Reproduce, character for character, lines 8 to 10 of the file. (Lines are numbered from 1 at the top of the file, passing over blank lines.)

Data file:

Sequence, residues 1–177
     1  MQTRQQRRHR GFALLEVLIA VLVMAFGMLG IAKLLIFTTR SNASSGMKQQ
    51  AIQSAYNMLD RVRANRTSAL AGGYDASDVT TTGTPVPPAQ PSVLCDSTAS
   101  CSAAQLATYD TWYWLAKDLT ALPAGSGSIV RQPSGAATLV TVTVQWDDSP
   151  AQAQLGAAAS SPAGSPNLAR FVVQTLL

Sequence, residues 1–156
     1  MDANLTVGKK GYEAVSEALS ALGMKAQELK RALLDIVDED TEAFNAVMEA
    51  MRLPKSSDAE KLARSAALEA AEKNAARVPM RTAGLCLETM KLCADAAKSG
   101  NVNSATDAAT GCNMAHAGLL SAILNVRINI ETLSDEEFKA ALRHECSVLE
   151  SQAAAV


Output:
    51  MRLPKSSDAE KLARSAALEA AEKNAARVPM RTAGLCLETM KLCADAAKSG
   101  NVNSATDAAT GCNMAHAGLL SAILNVRINI ETLSDEEFKA ALRHECSVLE
   151  SQAAAV